But I hear you say, ''he would never do that'' I would have said the same once too. He did. I didn't realise I was damaging my children by staying anyway. Get out now while you can.

I came from the violent childhood that was professional middle class where all that glitters was not gold. I recreated in adult hood. Those silent screams are not always heard or realised for what they are.

Yes my health is done for, for where we have been, physically and emotionally, you can't put something back to the way it was. Though in my case as it was a lifetime of abuse, I wouldn't want my head put back to anytime before. I have no regrets accept I didn't leave sooner and at least we got away in the end.

There is life after: the aftermath doesn't go of the emotional side (and physical can be affected like mine) however you learn to manage it and on the other side there is support and freedom. Find that courage, because the other side of fear (of leaving) is freedom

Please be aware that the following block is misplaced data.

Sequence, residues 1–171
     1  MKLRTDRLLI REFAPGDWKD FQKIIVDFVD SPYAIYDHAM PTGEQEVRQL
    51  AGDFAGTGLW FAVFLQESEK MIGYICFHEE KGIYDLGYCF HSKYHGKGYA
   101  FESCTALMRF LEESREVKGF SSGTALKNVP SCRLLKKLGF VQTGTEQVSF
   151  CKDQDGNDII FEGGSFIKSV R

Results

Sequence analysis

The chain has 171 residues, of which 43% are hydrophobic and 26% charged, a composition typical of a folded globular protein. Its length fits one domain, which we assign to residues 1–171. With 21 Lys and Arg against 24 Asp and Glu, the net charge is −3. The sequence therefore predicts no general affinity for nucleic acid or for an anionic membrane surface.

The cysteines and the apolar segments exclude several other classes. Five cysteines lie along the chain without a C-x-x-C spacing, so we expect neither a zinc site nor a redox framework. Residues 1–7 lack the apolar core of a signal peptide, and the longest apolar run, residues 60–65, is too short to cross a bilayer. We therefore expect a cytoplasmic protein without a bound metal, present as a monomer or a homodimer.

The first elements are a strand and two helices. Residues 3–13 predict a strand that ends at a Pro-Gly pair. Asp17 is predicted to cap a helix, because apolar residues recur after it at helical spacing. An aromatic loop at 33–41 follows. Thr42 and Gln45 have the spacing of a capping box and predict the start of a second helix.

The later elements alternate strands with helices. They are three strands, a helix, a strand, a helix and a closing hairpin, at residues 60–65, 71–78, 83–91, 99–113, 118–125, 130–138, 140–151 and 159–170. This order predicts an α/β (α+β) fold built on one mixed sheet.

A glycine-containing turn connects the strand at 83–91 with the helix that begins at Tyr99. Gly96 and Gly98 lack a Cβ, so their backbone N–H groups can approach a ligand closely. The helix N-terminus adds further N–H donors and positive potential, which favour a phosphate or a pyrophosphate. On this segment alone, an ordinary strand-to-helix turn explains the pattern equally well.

bermudiana31 Tue 05-Apr-16 13:16:22

Thank you for sharing, your story has really moved me. You've made such important points that I entirely agree with. The sentences are too light for perpetrators of domestic violence. I count my blessings I survived my abusive relationship but I get triggered by various things in daily life that take me right back there. Your strength in the face of such horror and loss is inspiring.

NoPlanYet Tue 05-Apr-16 16:52:34

I have no first hand of domestic abuse and mumsnet has been a real eye opener for me in understanding more about it. It's also made me very thankful for the fact I don't have any direct experience, and it's also enabled me to understand friends' situations which are abusive and provide them with support, mostly listening without judgement and not trying to say 'helpful' things like 'you should just pull yourself together and leave' like I might have done before.

As a direct result of your post I have now done something I've been meaning to do for years and set up a direct debit to women's aid.

Thanks for sharing your story and giving me the prompt I needed to get this done.

kissmelittleass Tue 05-Apr-16 17:36:30

I admire you for telling your story and I am so sad for you that you lost your boys. Sometimes it is hard to up and leave when you have no where to go and no money. I presume woman's aid is just in the UK? You are a very brave lady.